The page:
Daily Office:
Tuesday, 17 August 2010


¶ At You’re the Boss, Jay Goltz tells the remarkable story of a “social entrepreneur,” Seth Weinberger. Mr Weinberger, partner at a major Chicago law firm by day, developed a handheld teaching device that really works — in his spare time (and with some help from clients).

He has gotten major grants from foundations and companies, including JPMorgan Chase Foundation, which has given him $500,000 thus far and has connected him with the Urban Education Exchange, a New York nonprofit that is focused on reading comprehension; and Teach For America, which will use TeacherMate in kindergarten, first-grade and second-grade classes in Phoenix and Chicago this year.

Is Mr. Weinberger doing social good? Obviously. Is he an entrepreneur? Well, he’s not taking financial risk, and he’s not making any money off of this venture. But he clearly has passion, vision, tenacity, and the ability to solve problems. And he’s capable of manic behavior. Sounds like an entrepreneur to me.

But whatever you call him, I take my hat off to him. It has been a long and difficult journey, and the road ahead looks no easier and no shorter.


¶ So, now it’s called “time shifting.” (How would we know? We have yet to crack a single disc from the past-season sets of Mad Men.) How does Nielsen keep track of this phenomenon, and how long can the current commercial-advertising model support “television”? (Yahoo; via  Arts Journal)

The upward trajectory of DVR ownership has been well chronicled, but fewer people are aware of how quickly on demand viewership is catching on, Kerekes said. Comcast, which has 23.2 million customers, gets some 350 million orders of VOD programming a month, she said. Television shows now surpass movies, music video and children’s programming, she said.

One heartening sign for networks could be that time-shifting will make many customers apt to try something new. Kim Cooper, an online support specialist from Charleston, S.C., said that’s one thing on her mind when she sits down on a Sunday and programs each of her two DVRs for the week.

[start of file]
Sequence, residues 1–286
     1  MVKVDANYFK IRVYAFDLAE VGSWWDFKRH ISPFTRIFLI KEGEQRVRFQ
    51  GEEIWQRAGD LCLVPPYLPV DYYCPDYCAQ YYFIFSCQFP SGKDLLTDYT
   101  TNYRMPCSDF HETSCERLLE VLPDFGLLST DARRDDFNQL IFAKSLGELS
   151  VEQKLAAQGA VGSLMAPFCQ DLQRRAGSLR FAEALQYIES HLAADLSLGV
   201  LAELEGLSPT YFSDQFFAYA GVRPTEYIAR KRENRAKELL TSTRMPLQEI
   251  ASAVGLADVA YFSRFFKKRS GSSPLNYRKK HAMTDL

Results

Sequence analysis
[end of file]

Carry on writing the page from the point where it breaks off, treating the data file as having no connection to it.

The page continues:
“If you see something coming up you’ll say, `Do you want to give it a shot?'” Barcroft said. “We decide in the first five or 10 minutes whether we like it or not.”


¶ According to a report by P O’Neill at A Fistful of Euros, a great swathe of Ireland’s private sector is being run directly by banks in possession of foreclosed concerns, and the government does not contemplate any immediate action to curtail this curious way of dealing with “troubled assets.” In other words, wait and see.

And yet it’s not clear that the worst is over.  The banks haven’t yet made a big move on distressed home mortgages and no one is clear what will happen when forebearance is no longer a viable strategy.  Notwithstanding the government’s attempts to compare tax revenue to “profile” (i.e. a very recent projection), the fact is that tax revenue is stagnant at last year’s depression-like levels despite an apparent recovery in economic statistics.  And while there are those desperate hotels, the tourists (or at least those who stray from the cautiously priced package tours) will still find fussy and expensive restaurants (plus VAT).

Are there any tricks left in the bag?  The government is looking at privatization, most likely as a way to realize a large amount of cash at fairly short notice — essentially a portfolio switch of state-owned companies for all the bank liabilities it has taken on.  And there are some bizarre Thatcherite echoes in the possible appearance of a poll tax by the end of the year (dressed up as a “flat rate” water charge or property tax).  The public sector unions are back onside for now with a deal guaranteeing no further pay cuts and postponed pension reform for incumbents, so some semblance of the “social harmony” (i.e. lack of riots) that has so impressed international commentators is still there.

But, if you don’t work for the government directly or indirectly (as with the doctors and lawyers) or for some type of export operation, do you have any firm idea what you’ll be doing 3 years from now? For a country facing such inponderables, the statis in its politics is remarkable.  But that’s for another post.